Kaspersky describes these two elements as "masterpieces," and for good reason. For one, it's no mean feat to run hostile kernel code without crashes. Slingshot also stores its malware files in an encrypted virtual file system, encrypts every text string in its modules, calls services directly (to avoid tripping security software checks) and even shuts components down when forensic tools are active. If there's a common method of detecting malware or identifying its behavior, Slingshot likely has a defense against it. It's no wonder that the code has been active since at least 2012 -- no one knew it was there.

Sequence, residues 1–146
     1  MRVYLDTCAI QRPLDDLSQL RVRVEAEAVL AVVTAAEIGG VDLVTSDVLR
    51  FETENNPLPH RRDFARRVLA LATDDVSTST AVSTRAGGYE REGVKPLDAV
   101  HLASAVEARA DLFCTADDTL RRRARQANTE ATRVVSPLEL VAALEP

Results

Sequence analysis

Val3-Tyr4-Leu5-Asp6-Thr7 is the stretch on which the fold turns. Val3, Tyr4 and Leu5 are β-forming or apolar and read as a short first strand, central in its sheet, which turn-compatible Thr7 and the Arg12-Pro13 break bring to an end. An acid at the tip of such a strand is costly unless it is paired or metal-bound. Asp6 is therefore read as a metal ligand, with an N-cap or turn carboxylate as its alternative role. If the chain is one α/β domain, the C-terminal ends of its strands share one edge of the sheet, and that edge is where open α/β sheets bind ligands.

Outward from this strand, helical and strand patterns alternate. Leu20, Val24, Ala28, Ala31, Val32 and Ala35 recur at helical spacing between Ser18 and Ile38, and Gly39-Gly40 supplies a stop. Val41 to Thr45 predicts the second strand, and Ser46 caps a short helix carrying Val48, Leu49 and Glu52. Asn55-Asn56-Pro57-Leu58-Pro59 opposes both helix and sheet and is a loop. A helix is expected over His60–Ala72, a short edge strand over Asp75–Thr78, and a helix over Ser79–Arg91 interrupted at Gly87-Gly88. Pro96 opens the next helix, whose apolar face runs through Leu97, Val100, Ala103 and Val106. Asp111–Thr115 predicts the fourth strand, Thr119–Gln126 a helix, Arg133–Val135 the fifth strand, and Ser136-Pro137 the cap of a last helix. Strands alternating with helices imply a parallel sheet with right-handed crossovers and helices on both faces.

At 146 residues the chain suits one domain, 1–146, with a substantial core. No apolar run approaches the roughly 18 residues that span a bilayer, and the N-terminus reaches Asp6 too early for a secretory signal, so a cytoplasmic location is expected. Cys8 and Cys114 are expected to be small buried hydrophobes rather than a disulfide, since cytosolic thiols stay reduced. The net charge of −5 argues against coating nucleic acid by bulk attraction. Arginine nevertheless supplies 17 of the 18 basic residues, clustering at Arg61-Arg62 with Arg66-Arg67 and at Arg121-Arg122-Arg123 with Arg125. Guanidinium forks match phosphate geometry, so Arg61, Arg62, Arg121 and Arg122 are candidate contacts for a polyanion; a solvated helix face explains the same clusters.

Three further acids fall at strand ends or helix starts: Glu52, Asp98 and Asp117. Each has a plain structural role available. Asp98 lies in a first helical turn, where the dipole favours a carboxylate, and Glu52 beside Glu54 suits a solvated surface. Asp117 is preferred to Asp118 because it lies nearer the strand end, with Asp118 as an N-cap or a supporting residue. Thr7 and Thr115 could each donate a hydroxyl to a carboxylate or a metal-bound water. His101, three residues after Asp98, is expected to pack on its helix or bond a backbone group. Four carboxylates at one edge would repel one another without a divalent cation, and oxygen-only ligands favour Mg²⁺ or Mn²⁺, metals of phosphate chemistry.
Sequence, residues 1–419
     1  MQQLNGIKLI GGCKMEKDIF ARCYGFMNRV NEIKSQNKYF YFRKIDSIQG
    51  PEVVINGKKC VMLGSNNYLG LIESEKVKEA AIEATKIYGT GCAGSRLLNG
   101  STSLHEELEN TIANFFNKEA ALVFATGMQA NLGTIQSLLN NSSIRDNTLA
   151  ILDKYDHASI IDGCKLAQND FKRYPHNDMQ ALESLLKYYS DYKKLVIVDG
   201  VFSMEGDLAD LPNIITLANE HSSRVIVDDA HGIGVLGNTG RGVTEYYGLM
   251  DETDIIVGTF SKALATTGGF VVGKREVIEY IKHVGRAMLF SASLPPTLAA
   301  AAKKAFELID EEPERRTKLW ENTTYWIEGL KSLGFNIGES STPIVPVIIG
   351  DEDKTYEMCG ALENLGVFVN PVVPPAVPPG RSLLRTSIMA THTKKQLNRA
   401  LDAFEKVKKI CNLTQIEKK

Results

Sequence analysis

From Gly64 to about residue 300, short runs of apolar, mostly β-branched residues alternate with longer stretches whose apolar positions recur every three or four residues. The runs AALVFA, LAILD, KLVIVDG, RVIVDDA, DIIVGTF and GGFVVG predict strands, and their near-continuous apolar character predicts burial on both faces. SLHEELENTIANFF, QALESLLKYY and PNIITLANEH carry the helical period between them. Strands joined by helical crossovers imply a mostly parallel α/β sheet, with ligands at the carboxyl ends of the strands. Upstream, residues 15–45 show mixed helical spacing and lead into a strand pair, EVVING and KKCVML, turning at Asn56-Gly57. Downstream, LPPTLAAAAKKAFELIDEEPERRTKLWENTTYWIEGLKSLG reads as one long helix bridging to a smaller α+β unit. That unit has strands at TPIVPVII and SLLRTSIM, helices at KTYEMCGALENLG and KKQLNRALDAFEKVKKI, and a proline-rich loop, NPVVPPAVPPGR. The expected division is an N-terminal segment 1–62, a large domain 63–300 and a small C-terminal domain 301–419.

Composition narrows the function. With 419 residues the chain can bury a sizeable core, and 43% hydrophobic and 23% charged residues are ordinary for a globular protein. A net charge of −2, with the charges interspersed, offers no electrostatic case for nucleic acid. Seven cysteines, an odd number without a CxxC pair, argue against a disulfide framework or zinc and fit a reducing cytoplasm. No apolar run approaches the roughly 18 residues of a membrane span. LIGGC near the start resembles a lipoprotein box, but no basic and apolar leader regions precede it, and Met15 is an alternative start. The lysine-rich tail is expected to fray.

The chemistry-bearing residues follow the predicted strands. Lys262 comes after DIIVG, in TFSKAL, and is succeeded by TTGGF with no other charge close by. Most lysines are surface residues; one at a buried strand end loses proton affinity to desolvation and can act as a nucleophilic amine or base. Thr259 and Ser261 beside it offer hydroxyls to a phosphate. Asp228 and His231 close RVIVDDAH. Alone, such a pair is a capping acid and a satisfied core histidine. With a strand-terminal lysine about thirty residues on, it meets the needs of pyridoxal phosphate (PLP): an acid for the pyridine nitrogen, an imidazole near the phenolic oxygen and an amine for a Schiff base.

GoToMyPC has been targeted with "very sophisticated password attack," and is advising all users to reset their passwords. In a statement on its website, Citrix, which owns the remote control service, said users will be required to reset your GoToMyPC password before they can login again and encourages users to use two-factor authentication. "We sincerely apologize for the inconvenience and frustration this issue may be causing," Citrix said. The company didn't confirm the number of passwords it believes are stolen or what other information the hackers may have, as it's still investigating the hack. We have reached out to Citrix for more information and will keep you updated.